- Important: Dealing with mold is IMPORTANT and babies should NEVER sleep in a room that is obviously moldy (nor should you). A newly leaking pipe or toilet, storms and persistent rain, and floods of any kind may all cause water damage that leads to deadly mold—if not caught and corrected for weeks or months. Mold begins growing in 24-48 hours, symptoms show up shortly after, and grave illness can occur if mold isn’t handled over time.
Baby-Safe Ways to Remove Mold
Each of the following are baby-safe ways to remove mold.
Each is also used in basically the same way: Apply the product to your (small and contained) mold problem, allow it to sit fo a while, then wipe it up with a cloth.
You’re actually better off simply spraying the product—whether white vinegar, hydrogen peroxide, or EC3—and wiping it up immediately. Then, spraying it again and letting that second application sit a while before wiping it up.
Before You Get Started:
Each of these products are baby-safe ways to remove mold, but mold removal and cleanup should never be done while a baby is in the room.
You should take pictures of mold in your home before cleaning it up or removing it. They’ll help you, a mold pro, or a lawyer, later on, should mold develop into a much more serious concern. Photos taken on your smartphone will work just fine.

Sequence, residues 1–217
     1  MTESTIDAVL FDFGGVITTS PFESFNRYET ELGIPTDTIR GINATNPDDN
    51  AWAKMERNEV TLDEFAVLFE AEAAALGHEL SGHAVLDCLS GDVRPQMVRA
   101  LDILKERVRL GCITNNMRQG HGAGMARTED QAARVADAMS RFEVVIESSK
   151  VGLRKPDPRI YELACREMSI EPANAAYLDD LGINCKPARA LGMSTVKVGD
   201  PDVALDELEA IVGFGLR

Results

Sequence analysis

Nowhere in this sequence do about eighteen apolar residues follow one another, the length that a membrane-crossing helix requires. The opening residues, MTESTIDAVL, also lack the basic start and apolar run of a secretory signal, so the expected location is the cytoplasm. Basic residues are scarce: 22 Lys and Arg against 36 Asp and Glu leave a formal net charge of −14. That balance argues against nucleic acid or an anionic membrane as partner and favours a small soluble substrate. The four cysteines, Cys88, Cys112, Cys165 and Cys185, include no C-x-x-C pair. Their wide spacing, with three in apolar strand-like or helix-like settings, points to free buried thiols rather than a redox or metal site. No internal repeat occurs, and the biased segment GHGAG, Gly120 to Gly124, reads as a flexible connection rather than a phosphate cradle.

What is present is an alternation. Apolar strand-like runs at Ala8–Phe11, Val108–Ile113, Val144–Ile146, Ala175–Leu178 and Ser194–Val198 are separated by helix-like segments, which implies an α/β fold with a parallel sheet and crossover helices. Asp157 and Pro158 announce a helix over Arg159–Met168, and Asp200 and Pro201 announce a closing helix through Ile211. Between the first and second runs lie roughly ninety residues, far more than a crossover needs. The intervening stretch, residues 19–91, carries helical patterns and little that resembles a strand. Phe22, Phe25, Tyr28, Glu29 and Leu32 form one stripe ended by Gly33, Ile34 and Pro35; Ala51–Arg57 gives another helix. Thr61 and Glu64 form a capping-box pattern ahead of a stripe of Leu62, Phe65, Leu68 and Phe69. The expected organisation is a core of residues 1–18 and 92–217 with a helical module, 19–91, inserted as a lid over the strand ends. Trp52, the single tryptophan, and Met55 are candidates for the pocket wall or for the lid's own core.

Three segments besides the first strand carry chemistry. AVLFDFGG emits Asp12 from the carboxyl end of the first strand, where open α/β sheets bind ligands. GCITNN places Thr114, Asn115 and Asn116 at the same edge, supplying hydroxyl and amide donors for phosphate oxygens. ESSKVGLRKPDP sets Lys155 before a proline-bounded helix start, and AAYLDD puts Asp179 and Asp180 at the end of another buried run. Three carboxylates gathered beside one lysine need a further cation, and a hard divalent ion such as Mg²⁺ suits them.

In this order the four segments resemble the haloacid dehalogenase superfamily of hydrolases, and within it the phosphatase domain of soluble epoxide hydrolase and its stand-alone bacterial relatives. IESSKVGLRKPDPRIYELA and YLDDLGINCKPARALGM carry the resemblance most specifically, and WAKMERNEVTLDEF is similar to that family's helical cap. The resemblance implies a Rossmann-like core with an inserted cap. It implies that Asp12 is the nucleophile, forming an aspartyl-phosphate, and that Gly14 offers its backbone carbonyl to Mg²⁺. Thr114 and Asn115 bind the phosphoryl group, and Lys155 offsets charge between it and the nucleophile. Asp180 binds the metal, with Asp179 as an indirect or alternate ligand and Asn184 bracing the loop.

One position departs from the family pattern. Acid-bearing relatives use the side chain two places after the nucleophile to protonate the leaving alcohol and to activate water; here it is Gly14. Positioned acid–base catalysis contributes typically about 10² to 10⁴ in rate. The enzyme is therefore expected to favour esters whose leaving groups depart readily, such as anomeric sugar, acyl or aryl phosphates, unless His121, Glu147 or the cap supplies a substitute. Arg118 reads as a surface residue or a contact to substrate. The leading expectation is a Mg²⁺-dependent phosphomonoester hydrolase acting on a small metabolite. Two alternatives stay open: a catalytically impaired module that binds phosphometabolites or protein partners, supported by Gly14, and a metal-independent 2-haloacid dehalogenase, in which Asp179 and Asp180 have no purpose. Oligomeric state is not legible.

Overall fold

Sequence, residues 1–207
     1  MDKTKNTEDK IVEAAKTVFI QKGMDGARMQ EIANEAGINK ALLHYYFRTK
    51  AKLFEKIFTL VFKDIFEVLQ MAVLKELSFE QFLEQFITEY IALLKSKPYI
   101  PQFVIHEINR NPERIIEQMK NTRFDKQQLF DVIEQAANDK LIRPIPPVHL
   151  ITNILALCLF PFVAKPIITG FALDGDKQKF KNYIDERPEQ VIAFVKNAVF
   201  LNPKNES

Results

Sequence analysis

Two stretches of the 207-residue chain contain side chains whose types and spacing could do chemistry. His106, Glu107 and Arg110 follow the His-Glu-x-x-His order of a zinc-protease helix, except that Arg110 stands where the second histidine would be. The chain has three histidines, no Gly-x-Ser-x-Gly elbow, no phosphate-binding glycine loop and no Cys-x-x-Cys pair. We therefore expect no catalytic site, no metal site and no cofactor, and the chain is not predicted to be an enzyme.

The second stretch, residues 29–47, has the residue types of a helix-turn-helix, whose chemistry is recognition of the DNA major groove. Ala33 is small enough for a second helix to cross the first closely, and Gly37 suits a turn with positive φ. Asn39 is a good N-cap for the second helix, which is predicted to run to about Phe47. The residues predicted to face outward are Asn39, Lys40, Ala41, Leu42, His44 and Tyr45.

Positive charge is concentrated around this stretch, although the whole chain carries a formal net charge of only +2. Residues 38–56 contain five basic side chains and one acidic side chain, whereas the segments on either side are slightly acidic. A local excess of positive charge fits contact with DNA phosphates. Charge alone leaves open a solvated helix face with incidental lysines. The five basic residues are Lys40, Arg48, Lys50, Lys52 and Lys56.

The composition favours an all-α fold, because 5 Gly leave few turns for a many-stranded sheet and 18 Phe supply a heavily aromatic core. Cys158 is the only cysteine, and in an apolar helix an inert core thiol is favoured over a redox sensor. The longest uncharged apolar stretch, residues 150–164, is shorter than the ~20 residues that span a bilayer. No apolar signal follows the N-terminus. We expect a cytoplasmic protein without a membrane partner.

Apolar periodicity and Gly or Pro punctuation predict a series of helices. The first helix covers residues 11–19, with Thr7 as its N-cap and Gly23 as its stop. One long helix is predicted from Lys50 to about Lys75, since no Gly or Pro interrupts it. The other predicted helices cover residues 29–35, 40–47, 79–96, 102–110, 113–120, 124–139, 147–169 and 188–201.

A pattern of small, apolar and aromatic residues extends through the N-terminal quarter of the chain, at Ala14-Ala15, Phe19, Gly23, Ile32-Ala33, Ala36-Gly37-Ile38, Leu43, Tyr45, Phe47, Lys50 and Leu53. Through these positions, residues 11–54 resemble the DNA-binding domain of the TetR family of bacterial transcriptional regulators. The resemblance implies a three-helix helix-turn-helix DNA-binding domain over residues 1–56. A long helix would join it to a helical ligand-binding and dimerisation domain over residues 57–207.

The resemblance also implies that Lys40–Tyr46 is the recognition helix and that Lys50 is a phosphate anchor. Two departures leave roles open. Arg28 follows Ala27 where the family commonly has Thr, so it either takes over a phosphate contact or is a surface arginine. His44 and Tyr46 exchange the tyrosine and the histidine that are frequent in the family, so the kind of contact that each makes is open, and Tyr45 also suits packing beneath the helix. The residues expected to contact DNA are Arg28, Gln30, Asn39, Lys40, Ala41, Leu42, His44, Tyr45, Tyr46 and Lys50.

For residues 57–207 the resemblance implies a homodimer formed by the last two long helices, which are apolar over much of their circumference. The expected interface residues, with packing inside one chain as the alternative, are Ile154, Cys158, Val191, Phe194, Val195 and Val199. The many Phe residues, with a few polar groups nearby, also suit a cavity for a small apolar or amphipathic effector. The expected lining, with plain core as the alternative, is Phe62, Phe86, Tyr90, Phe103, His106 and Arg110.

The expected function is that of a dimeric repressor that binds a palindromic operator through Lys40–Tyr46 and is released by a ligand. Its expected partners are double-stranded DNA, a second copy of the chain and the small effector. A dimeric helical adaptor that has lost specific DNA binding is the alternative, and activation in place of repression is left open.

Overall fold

Distilled White Vinegar — Baby-Safe Mold Remover
One of the most effective ways to remove mold and mildew is by using vinegar. Vinegar is a natural disinfectant and can kill up to 82% of mold species. Use undiluted white vinegar in a spray bottle. Let it sit for a few hours, then wipe it clean with a damp cloth. If the smell of vinegar bothers you, you can add a few drops of essential oil to the mixture.
Baking Soda — Baby-Safe Mold Remover
Another baby-safe way to remove mold and mildew is by using baking soda. Baking soda is a natural cleaning agent and can help remove stains and odors. Mix baking soda with water to form a paste and apply it to the moldy area. Let it sit for a few hours, then scrub with a brush and rinse with water. Baking soda can also be used to prevent mold and mildew from growing by sprinkling it on damp surfaces (which you should always dry up.)